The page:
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Courtesy of Universal Preschool Now

For Portland State University economist Mary King, working on a campaign for tuition-free preschool for all Multnomah County children was an easy choice. King was an early architect of Universal Preschool Now, a campaign to pass a county ballot measure that would fund universal preschool for all 3- and 4-year-olds in the county—something she said would be a “real force for equity.”

Data shows that preschool helps kids be better prepared for the rest of their education, and that kids who attend preschool are less likely to be arrested or have substance abuse problems as adults. But preschool can be prohibitively expensive for many families, and more so in Oregon than almost any other state.

“[Preschool access] closes all kinds of gaps for marginalized populations,” King told the Mercury. “It helps kids graduate high school, earn more money, go on to college... People just don’t have access to it because it’s so expensive—it’s as much as rent or a mortgage payment.”

Universal Preschool Now is aiming to get its measure on the November ballot—but to do so, it will need to gather enough voter signatures by the Sunday, July 5 deadline. Slowed down by COVID-19 and a late start at signature gathering, the campaign says it has only collected more than two-thirds of the required signatures count of about 23,000.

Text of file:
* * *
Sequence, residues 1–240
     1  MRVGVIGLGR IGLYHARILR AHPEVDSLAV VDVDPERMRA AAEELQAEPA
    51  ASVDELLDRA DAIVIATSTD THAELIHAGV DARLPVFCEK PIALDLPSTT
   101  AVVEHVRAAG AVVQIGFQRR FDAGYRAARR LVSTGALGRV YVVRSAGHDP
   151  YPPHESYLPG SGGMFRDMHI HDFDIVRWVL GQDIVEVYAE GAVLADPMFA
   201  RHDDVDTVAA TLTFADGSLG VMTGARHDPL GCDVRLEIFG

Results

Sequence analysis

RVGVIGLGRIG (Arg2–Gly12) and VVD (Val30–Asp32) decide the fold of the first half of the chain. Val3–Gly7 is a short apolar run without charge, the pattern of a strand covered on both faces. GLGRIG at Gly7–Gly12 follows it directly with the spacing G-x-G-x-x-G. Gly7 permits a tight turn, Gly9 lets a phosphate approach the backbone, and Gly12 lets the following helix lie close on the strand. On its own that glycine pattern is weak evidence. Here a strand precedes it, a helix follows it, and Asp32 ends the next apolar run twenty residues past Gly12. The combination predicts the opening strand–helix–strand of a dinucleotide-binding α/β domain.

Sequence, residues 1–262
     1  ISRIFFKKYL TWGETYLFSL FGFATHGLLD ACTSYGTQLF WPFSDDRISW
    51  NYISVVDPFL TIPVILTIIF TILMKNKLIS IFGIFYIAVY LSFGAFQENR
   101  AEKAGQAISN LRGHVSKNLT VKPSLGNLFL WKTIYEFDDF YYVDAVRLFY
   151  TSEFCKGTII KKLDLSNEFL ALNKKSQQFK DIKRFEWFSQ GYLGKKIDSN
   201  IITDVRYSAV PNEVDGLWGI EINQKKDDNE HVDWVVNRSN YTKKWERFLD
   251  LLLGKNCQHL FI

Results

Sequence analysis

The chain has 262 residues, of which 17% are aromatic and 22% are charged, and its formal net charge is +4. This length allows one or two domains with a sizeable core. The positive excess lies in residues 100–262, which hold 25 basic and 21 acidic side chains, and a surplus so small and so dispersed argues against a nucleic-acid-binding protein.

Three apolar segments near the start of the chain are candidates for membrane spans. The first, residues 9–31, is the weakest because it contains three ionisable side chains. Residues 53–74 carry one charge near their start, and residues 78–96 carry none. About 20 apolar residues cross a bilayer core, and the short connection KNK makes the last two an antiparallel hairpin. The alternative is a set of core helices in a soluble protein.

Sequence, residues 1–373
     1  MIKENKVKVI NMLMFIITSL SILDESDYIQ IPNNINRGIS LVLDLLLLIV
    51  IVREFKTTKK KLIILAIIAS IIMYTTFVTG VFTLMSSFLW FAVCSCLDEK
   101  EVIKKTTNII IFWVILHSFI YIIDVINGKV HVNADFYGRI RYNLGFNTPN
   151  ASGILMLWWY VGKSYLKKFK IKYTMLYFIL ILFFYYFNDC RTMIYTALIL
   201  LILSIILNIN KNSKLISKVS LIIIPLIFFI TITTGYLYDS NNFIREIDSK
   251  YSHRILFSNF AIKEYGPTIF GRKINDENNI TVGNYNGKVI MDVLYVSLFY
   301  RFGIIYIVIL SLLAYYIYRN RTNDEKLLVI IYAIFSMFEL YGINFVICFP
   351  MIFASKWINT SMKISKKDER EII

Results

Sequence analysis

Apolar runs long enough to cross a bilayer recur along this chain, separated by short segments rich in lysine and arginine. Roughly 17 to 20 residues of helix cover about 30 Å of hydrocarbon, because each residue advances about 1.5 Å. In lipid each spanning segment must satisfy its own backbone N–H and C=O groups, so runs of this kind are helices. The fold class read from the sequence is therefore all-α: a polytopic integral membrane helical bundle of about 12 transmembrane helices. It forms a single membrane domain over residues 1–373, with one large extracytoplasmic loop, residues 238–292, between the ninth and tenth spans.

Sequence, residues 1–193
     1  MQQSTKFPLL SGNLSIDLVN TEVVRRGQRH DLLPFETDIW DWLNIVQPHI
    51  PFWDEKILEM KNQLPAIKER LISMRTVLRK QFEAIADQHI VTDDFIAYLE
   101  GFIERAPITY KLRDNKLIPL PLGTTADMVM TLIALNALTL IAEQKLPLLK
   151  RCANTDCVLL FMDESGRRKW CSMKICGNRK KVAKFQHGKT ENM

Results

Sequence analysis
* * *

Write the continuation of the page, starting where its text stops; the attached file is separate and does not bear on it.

If the campaign does gather enough signatures to make the ballot, it likely won’t be the only preschool funding measure Multnomah County voters will be asked to consider this November. That’s because a county-backed task force, spearheaded by County Commissioner Jessica Vega Pederson, plans to refer its own preschool funding measure, called Preschool For All, on the ballot. Because Preschool For All is backed by the county, it will only require a vote from the board of commissioners to be placed on the ballot, meaning it doesn’t need to campaign for signatures.

The Universal Preschool Now and Preschool For All campaigns share a lot of common ground.

Both envision a system in which Multnomah County parents don’t have to pay for preschool, and have access to schools with different languages and cultural curriculum close to their home. Both campaigns cite a living wage for preschool teachers and assistants as central to their plan, and each campaign would require a gradual rollout over several years. Universal Preschool Now would fund its program by taxing high-income residents; while Preschool For All hasn’t finalized its funding mechanism yet, it will likely use a similar tax.

So why are there two separate campaigns for preschool access pushing to get on the November ballot? It largely comes down to how each campaign would roll out its vision.

The county’s plan—which was informed by a task force that included groups like the Asian Pacific American Network of Oregon, Coalition of Communities of Color, and the Latino Network—would first be available to families who fall below a certain amount of income, before eventually ramping up to encompass all county residents.